Sunday, August 6, 2017

‘Sex slave for sale’: Inside an abducted model’s 6 days of captivity

Italian investigators re-enact the in-suitcase transportation of a model who was drugged by a group, held in a farmhouse and advertised on the internet for sale as a sex slave

To the young British model, the assignment probably seemed routine: Travel to Milan, pose for a few photographs.
Just another ad campaign, her agency told her.
But when she arrived at an address near Milan’s Central Station, any semblance of routine vanished...
“The victim was doped with ketamine,” an Italian prosecutor said at Friday’s arraignment of one of her accused kidnappers, Polish national Lukasz Pawel Herba, 30.

From an original demand of $300,000, the captors reduced their demands to about $60,000, a sum that was never paid.

Read more from the NY Post [HERE]. 

Saturday, August 5, 2017

'A World Without Suicide'

This in-depth article on suicide from is worth taking the time to read. It shares, among many other things, the insight from a survivor who attempted suicide by jumping from the Golden Gate Bridge in San Francisco. 

Kevin Hines shares the following in the article:
Kevin rejects the notion that anyone “chooses” to take their own life. “It’s not a choice when a voice in your head, a third party to your own conscience, is literally screaming in your head, ‘You must die, jump now.’” 
He also challenges the idea that suicide is a selfish act, because to a person in extremis, compelled to believe they are a burden, living can feel like the selfish act. 
Yet he also remembers feeling how little it would have taken to deter him that morning in 2000. “I had made a pact with myself, and many survivors report this, that if anyone said to me that day, ‘Are you OK?’ or ‘Is something wrong?’ or ‘Can I help you?’—I narrowed it down to those three phrases—I would tell them everything and beg for help.”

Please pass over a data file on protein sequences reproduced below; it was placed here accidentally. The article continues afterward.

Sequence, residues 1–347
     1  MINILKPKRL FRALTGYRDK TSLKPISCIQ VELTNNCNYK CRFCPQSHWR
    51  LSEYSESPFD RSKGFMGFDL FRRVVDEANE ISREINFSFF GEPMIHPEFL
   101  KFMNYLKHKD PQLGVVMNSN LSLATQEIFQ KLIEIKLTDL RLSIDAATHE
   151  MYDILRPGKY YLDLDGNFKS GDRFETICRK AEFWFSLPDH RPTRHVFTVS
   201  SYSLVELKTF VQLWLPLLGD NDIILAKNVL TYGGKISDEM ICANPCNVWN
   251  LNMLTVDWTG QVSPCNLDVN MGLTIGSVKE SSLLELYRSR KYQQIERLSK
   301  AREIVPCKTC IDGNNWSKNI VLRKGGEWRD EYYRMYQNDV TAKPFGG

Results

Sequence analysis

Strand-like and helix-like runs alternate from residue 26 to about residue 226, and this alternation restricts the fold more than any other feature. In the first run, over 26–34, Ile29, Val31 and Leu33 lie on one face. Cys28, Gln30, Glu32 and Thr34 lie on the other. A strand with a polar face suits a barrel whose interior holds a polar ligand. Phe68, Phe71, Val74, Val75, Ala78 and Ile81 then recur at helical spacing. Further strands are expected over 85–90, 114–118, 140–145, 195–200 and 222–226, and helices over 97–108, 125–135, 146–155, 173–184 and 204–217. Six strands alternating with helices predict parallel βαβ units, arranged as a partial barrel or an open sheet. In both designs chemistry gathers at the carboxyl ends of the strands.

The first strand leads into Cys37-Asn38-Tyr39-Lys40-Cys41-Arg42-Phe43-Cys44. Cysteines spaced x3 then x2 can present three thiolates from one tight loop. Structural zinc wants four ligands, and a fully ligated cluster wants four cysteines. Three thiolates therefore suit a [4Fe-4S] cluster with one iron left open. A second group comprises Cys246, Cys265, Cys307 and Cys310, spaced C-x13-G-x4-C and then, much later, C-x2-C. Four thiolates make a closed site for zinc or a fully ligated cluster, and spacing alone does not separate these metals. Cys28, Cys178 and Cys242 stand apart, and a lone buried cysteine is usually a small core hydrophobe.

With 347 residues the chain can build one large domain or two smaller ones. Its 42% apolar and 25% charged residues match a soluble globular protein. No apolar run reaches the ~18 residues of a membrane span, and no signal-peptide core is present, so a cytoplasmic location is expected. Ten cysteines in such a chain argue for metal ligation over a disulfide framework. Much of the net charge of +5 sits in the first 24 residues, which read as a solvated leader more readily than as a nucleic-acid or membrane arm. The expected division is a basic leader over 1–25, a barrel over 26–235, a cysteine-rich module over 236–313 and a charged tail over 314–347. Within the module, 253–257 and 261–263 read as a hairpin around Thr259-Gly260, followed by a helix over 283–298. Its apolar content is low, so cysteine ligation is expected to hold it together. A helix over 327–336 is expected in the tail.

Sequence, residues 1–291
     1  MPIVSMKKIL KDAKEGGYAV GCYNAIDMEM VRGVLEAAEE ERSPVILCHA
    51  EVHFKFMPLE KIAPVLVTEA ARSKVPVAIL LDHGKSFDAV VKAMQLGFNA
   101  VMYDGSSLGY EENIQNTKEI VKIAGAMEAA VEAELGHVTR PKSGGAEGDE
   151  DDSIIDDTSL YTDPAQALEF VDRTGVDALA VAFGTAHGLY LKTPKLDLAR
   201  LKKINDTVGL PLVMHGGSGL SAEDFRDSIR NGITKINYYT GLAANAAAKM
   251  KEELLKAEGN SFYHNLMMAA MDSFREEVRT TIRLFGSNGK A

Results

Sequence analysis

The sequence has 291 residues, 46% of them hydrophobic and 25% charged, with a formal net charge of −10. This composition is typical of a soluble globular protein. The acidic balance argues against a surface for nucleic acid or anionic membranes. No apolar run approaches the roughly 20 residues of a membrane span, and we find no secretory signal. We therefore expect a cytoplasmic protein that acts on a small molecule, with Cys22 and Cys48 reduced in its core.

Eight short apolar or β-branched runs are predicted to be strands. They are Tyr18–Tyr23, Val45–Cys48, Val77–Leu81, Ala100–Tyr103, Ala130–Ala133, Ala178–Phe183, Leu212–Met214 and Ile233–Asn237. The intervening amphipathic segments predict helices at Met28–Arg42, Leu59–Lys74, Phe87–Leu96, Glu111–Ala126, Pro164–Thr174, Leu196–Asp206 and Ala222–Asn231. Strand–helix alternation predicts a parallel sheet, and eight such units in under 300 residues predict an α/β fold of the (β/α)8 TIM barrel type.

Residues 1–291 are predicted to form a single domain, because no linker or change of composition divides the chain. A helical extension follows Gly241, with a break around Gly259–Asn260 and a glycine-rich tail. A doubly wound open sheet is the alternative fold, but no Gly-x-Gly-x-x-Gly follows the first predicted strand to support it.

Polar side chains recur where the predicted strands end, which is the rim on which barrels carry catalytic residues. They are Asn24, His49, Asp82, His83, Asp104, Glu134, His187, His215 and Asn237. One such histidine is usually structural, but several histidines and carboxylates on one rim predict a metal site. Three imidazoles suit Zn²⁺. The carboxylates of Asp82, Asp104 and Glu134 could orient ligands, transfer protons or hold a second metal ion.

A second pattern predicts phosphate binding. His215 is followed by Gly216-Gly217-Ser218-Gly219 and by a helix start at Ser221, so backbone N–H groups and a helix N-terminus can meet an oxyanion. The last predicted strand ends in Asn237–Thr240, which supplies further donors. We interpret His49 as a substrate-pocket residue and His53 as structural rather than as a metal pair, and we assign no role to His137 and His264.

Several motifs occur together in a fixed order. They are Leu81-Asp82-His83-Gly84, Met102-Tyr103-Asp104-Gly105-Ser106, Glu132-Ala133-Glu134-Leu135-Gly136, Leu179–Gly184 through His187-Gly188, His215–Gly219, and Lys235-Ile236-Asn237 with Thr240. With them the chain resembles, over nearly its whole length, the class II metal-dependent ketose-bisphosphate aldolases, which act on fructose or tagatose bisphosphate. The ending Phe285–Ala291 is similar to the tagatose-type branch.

As he sat on the bus, where he remembers crying, yelling aloud at the voices to stop, nobody said anything. “It still baffles me that human beings can’t see someone like that, wailing in pain, and say something kind—anything,” he says.

Kevin Hines, who speaks across the world is someone Hostage Negotiation conference organizers should consider having at their next conference.  This helps negotiators with comprehending a key effective negotiator concept- empathy. 

So what's the deal with empathy? Here's what I had to say in a previous article [HERE]:
If we as negotiators are trying to influence a behavioral change in the person, it is necessary to understand their current emotions and behavior.  
Empathy is just that- seeing and understanding the perspective of another.  You need this in order to be an effective negotiator and you need to demonstrate it by taking your time to listen (yep, a pattern is developing here- each of the five skills work off of each other).  
Read more on the general importance of empathy here (really, I suggest you read it).
Read the full article at The Atlantic [HERE]. 

Thursday, August 3, 2017

Al-Qaeda releases South African hostage after almost 6 years

Stephen McGown was kidnapped in Timbuktu, Mali in November 2011 and has finally been released and allowed to return home.

...The Al-Qaeda kidnappers had reportedly demanded a $5 million ransom for his release, but the South African government rejected it and Nkoana-Mashabane said in her news statement that no ransom was paid for McGown’s return. One of his fellow travelers, John Gustafsson from Sweden, was released by Al-Qaeda in June, while a Dutch national, Sjaak Rijke, was freed back in 2015 during a raid by French special forces.